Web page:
8. Think Fast Run Fast

Another pop culture reference! As a part of his ESPN television program, Super Bowl-winning quarterback Eli Manning went undercover at a Penn State run-on tryout as “Chad Powers.” Muttering the motivational mantra written on the banner, Manning Powers sprinted into the hearts of Nittany Lion fans everywhere — exemplified by his inclusion among the Nittanyville banners, despite never playing a snap for Penn State.

7. Himsley

Upon his transfer from Western Kentucky, wide receiver Mitchell Tinsley garnered high expectations for his final year of eligibility. This season, Tinsley turned 45 catches into 528 yards and four touchdowns. Tinsley is definitely him.

I’m not sure why his banner is rife with parental advisory stickers — especially considering how soft-spoken he was throughout his postgame press conferences — but it adds to the cool factor, I guess.

6. Stix City

This banner cuts straight to the point. Linebacker Abdul Carter donned the famous No. 11 jersey, potentially indicating a high level of confidence from the coaching staff.

Since embarking on his impressive true freshman season, Carter has earned comparisons to former No. 11s such as LaVar Arrington and Micah Parsons. Stix City, indeed.

5. Aces

A tight end group that James Franklin once called one of the best units he’d ever coached, Brenton Strange, Tyler Warren, and Theo Johnson were dubbed “The Aces.” Shown on playing cards, the tight end trio is physically turned into aces.

Bonus points to this banner for changing the suit of Johnson’s card into a Canadian maple leaf, as the sophomore famously hails from Ontario, Canada. Nice touch.

4. Grateful Dreads

In 2019, Jonathan Sutherland was the target of a racially insensitive letter, which targeted his dreadlocks among other things. Not only is the wordplay impeccable, but the past context of this banner lands it high on the rankings.

After the final game of the regular season, the sixth-year senior wore his banner off the field, so clearly it was a hit with him as well.

3. Tomorrow Never Dies

Yet another pop culture reference! Safety Jaylen Reed was the subject of the “Tomorrow Never Dies” banner. Playing off his No. 7 jersey, Nittanyville equated him to international super spy James Bond.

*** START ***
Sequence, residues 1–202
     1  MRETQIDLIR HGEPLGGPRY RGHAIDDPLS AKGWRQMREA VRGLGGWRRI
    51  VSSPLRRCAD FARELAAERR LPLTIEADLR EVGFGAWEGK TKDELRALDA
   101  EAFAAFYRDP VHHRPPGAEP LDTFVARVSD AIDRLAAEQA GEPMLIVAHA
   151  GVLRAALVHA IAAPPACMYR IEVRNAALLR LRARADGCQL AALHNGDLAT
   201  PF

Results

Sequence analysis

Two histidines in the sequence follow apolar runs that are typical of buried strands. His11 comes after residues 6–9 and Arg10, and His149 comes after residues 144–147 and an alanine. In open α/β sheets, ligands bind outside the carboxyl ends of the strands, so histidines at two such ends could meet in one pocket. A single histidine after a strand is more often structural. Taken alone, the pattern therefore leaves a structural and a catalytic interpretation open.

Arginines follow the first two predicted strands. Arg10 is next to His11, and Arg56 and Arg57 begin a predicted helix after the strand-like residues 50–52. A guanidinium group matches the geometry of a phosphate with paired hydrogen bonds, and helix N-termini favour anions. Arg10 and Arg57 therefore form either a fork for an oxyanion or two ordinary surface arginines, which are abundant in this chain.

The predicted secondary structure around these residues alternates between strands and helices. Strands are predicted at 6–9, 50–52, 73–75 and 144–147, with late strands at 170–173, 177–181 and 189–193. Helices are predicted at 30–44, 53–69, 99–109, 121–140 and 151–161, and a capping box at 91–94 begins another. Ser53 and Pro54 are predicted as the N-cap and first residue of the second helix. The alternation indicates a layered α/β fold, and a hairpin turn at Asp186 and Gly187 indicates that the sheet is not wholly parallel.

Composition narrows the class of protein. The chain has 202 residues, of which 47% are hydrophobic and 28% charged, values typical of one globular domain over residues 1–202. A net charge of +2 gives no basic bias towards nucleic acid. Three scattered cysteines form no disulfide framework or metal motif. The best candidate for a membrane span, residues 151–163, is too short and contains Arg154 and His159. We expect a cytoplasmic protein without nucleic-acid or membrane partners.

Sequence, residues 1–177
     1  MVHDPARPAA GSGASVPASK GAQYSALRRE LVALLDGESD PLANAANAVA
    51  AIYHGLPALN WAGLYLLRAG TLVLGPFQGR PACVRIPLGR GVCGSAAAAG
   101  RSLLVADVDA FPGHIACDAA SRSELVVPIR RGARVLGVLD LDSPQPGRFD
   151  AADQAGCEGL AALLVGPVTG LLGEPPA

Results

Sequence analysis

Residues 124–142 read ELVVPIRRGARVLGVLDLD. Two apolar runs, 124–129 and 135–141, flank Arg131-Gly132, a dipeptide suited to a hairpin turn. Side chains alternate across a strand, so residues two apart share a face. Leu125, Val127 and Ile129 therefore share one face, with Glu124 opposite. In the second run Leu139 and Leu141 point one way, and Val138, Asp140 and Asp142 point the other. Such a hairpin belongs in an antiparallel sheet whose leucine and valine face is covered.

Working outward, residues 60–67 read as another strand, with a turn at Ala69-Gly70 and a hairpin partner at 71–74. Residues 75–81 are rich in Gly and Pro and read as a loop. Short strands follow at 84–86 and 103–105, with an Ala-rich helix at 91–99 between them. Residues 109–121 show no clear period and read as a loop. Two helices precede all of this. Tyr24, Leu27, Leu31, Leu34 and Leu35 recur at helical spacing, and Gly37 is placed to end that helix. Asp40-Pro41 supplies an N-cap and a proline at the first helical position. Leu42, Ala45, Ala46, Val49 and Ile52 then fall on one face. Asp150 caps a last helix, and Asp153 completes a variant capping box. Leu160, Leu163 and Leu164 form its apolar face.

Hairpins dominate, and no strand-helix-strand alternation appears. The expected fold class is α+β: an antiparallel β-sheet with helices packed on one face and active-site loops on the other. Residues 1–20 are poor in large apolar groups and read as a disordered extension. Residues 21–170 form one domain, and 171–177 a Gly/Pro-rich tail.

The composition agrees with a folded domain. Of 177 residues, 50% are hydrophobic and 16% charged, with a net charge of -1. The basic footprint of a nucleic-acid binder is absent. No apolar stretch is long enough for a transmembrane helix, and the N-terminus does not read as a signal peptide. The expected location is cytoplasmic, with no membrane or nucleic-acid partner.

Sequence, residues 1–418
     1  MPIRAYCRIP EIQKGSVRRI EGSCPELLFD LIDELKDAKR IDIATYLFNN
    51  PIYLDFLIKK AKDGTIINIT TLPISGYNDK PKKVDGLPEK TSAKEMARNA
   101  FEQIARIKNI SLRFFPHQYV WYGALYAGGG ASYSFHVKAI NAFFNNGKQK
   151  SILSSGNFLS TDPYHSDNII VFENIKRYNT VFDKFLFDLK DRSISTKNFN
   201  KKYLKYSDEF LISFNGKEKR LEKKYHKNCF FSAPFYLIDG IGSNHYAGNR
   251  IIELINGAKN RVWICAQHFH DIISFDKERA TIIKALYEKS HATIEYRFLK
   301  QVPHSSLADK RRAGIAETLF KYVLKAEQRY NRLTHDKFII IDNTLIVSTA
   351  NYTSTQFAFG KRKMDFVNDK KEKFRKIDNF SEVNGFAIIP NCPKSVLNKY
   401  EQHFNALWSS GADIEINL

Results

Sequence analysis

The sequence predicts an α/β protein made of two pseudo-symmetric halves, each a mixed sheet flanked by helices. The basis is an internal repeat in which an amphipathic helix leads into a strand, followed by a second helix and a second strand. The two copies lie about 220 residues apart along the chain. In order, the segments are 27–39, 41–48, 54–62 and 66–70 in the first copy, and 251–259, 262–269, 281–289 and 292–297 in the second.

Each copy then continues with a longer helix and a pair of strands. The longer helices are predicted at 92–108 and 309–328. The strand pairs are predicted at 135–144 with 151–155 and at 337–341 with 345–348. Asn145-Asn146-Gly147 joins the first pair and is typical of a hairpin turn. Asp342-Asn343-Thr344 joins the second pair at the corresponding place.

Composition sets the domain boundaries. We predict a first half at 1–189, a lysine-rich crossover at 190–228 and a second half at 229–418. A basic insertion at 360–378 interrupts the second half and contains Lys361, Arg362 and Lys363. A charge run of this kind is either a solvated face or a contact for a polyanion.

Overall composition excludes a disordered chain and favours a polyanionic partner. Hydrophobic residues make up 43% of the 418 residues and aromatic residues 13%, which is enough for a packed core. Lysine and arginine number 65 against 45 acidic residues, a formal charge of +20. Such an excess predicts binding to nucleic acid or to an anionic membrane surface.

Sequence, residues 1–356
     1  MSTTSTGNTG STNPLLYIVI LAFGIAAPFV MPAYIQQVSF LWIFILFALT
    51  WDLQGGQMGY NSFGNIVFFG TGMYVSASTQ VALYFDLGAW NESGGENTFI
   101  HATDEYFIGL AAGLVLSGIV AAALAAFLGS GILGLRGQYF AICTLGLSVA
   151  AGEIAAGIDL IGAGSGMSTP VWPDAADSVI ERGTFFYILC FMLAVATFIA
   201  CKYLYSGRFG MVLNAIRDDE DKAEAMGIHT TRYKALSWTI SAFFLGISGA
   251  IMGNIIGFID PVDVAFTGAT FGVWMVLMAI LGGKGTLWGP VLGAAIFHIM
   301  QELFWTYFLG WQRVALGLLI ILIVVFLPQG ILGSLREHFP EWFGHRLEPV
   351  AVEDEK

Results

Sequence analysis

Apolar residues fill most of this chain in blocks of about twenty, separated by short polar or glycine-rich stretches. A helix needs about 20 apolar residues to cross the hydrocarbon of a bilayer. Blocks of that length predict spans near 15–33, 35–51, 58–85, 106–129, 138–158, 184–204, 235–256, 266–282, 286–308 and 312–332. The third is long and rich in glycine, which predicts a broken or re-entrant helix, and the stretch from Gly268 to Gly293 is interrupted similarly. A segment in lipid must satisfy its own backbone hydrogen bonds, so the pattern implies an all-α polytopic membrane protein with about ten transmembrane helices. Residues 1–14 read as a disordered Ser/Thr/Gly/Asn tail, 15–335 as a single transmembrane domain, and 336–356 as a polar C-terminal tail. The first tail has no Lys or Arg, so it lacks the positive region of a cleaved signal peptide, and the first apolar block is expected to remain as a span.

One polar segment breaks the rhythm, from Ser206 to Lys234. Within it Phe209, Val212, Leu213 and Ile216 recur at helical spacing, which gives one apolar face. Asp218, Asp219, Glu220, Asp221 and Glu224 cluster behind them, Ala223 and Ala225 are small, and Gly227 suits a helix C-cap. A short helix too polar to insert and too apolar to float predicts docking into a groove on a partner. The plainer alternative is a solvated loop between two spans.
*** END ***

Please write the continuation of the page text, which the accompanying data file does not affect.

The attention to detail in the design deserves kudos as well. Reed’s jersey is remarkably realistic, and the touch to include his numbered thigh pads was a good one.

2. Driver

This banner is a little bit scary. At the beginning of the season, true freshman Cristian Driver was rostered as a cornerback. The son of longtime Green Bay Packer Donald Driver, Cristian didn’t play the same position as his father (wide receiver). Flash forward to the present, and Cristian has since converted into a receiver.

Obvious compliments about the creative idea and quality artwork aside, the “Driver” banner was prophetic and therefore highly impressive. Did they know?

1. Washington’s Crossing

With the United States’ ongoing World Cup campaign, our top entry feels topical. Making a pun off sophomore wide receiver Parker Washington’s patriotic last name, Nittanyville placed him in a parodied version of the famous crossing of the Delaware.

Washington’s season came to a premature end, but he still totaled 46 receptions, 611 yards, and a pair of touchdowns. With the wordplay, the fun artwork, the historical reference, and the player’s impact, “Washington’s Crossing” was a clear choice for our favorite of the year.

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About the Author

Sam Fremin

Sam is a senior from Ashburn, Virginia, majoring in journalism and political science & minoring in German and creative writing. He is a Dallas Cowboys fan who relishes the misery of Eagles fans. All hate messages can be sent to [email protected] or @SamFremin on Twitter.

He may or may not read every single comment he gets.